Along with organising educational and recreational activities, the park staff engage in the science of researching and preserving plant and animal species at risk of extinction. Along the nature paths, you can observe deer, stags, chamois, and wild sheep.
Volcanic region’s bounty
The Monte Amiata area is fascinating for its ancient history and the now extinct volcanic complex. Considered to be a ‘true mountain’ that had its last major eruptive episode about 300,000 years ago, it left behind fertile ground for the growing of chestnut, oak, fir, and beech trees. The mining of minerals has occurred in the past but the growing and making of wine, organic vegetables and olives, along with the thermal baths have continued in the wider area down the slopes and around the periphery.
Tourism, along with agriculture, timber, and mining endeavours, makes for a diverse region of sustainable economic ventures. For many kilometres around, the produce of this flourishing region is to be found in restaurants, bars, and in home cooking.
Abbadia San Salvatore – history and culture
Abbadia San Salvatore is the largest town on the slopes of Monte Amiata and has preserved much of the old culture in the museum-like Abbey and Crypt of San Salvatore. Founded in 750AD it is said that the Abbey is built where the ‘Trinity’ appeared to the Lombard King Ratchis under a white fir tree. Becoming the most important Abbey in Tuscany it is situated on the Pilgrim route from Northern Europe to Rome.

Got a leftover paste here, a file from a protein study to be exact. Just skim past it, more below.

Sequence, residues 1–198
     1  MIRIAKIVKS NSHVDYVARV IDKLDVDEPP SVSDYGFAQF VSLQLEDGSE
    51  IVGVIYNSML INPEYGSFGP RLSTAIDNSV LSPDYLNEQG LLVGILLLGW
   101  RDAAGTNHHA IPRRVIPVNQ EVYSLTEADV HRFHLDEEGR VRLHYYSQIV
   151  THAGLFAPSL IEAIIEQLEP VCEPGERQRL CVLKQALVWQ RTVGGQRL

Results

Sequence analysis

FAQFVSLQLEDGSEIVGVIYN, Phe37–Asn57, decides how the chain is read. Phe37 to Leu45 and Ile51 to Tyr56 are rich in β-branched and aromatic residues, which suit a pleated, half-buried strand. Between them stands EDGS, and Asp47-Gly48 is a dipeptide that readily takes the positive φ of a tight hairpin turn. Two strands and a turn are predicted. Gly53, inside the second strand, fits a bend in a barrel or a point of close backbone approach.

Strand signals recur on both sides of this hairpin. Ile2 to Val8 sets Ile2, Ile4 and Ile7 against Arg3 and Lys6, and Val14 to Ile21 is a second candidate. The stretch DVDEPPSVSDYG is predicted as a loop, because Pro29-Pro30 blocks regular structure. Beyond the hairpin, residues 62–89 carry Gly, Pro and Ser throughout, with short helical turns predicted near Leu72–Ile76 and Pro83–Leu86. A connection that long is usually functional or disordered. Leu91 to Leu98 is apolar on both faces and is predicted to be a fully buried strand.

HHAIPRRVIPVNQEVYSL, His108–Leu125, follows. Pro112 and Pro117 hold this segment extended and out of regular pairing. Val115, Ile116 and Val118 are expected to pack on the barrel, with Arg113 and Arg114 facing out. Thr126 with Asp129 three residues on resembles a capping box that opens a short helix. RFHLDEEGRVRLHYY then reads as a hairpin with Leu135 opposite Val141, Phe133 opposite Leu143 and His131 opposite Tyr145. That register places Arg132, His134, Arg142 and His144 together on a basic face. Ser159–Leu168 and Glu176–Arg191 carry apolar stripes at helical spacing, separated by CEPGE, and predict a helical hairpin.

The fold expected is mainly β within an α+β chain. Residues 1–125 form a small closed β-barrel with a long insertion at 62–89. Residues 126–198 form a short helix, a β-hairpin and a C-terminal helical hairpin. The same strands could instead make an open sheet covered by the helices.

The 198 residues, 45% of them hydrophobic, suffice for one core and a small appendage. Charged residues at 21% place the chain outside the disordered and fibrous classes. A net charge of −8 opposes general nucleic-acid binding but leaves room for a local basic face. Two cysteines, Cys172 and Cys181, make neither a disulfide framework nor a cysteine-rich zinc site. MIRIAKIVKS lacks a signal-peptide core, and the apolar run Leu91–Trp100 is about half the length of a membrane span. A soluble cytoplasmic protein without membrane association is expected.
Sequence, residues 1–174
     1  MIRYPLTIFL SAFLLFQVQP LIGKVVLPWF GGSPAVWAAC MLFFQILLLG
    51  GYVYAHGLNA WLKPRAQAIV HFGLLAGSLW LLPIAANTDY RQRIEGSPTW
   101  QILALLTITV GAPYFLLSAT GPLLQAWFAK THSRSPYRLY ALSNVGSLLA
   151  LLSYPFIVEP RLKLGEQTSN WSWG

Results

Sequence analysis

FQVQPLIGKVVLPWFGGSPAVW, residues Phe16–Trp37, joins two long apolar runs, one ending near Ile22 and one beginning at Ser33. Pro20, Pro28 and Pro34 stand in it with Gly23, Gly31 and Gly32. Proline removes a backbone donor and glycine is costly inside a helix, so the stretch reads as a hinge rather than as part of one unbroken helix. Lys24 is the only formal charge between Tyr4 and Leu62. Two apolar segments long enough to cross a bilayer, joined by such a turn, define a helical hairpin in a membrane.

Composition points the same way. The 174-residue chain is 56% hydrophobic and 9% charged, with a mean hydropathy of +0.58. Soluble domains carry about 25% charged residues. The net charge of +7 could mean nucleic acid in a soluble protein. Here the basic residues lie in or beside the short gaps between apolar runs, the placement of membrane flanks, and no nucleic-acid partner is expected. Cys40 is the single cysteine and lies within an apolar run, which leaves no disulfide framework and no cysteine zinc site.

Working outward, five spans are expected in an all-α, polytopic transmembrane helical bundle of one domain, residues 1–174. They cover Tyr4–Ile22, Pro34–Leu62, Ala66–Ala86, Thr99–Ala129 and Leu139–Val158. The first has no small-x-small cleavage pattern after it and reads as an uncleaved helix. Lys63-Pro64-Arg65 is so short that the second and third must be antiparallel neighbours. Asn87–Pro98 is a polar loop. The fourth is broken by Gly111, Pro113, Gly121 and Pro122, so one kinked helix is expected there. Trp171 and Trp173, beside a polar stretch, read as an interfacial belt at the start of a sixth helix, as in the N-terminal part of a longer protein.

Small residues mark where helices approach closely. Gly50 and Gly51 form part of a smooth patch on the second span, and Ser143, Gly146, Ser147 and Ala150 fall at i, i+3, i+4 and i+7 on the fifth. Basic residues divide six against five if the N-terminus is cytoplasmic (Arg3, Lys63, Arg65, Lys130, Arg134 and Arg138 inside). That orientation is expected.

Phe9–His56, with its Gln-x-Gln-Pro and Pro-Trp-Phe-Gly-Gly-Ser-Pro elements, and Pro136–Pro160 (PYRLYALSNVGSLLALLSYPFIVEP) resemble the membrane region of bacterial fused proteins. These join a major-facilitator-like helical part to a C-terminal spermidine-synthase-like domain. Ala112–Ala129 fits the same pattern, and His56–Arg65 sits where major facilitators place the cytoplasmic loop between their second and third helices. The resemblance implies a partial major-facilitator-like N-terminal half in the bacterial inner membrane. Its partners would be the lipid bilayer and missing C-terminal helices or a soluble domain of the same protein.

The Abbey houses the 16th-century Frescoes of Francesco Nasini and the thousand-year-old crypt is a ‘must visit’ where the 36 columns and 13 naves, each completely different, are lit by modern lighting. This underground cavern captures your attention with its stark beauty.
Housed in the crypt for the past thousand years (but now kept in Florence) was the world’s oldest manuscript copy of the sacred text of the ‘Amiatuinus Codex’, a very early version of the bible which was named after Monte Amiata.
Houses on the old narrow cobbled streets around the Abbey are adorned with decorated doors, torches, and medieval symbols. Nearby, cafes, small squares and bars have grown over time but the quaint feeling and charm remain. Abbadia was famous for the mining of cinnabar for mercury and the mining museum provides a view into this rich history.
Return to Monticchiello
After relaxing over food and a nice coffee in one of the bars, it was time to drive back along the base of Monte Amiata, through the colourful twilight of the Tuscan countryside, and return to Monticchiello. It had been a day full of experiences and visual delights.
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June 28, 2019
As always Teresa you have so eloquently described this beautiful area of Tuscany. Just makes me want to rush back to see and experience the charm of Old world Tuscany again.